Originally published in The Guardian on December 1, 2022

For most of this year, the warnings and news about inflation have been one of hope for the best but experience the worst. Predictions of future inflation growth have continually been revised upwards and with it has been the suggestion that interest rates need to keep rising.

But as Labour Market and Fiscal Policy Director, Greg Jericho, notes in his Guardian Australia column, the latest monthly inflation figures out yesterday suggest that maybe the peak could be lower than anticipated.

While the monthly figures can be a little erratic, they do closely align with the quarterly “official” CPI figures and in October the ABS estimates that annual inflation growth fell from 7.3% to 6.9%. Better still this makes 4 months in a row where inflation has remained around 7%, rather than increasing quickly as it has since the middle of last year.

Combined with the latest Retail Trade figures released this week which showed the dollar amount spent in the shops fell in October, and the volume of spending falling even faster, there are solid signs that the interest rate rises are having an impact.

This means the Reserve Bank needs to be very cautious as much of the impact of the rate rises from September October and November has yet to flow through into the data. And because the rates of existing mortgages take longer to rise than do rates for new home loans this also means that even were the RBA to halt rate rises, for most mortgage holders rates will still be about to rise over the next few months.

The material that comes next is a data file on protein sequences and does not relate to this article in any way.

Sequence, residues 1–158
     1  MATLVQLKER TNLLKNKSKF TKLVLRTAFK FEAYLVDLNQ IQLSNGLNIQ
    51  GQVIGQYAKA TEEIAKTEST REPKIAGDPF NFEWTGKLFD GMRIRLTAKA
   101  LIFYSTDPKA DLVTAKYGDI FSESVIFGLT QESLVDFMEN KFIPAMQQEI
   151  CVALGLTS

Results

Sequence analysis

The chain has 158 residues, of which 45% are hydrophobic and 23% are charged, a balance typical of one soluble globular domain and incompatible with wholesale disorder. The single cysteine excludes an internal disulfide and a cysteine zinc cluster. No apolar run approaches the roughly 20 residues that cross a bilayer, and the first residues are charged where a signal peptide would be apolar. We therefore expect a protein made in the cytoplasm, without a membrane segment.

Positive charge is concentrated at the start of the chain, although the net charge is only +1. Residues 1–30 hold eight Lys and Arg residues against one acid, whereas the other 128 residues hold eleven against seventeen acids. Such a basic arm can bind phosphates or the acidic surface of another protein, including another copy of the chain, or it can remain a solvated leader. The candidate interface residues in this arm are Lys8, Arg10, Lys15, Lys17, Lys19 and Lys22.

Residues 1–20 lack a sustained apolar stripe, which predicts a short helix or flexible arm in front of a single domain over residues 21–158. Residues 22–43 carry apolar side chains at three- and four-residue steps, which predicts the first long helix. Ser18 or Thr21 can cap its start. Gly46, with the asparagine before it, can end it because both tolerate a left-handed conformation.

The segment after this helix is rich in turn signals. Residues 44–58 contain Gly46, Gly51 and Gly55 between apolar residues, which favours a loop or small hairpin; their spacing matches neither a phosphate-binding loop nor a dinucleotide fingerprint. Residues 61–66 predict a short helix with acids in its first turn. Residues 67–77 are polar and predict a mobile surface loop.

The IMF, OECD, Treasury and the RBA itself all forecast a sharp slowing of Australia’s economy next year and into 2024. The rationale has been that this is the cost of needing to reduce inflation, but the central bank needs to be very careful that it does not commit overkill. With the economy and consumer spending already slowing, and inflation showing some good signs that growth is no longer increasing at a rapid rate, the RBA should strongly consider not increasing the rate next week in its final board meeting of the year.

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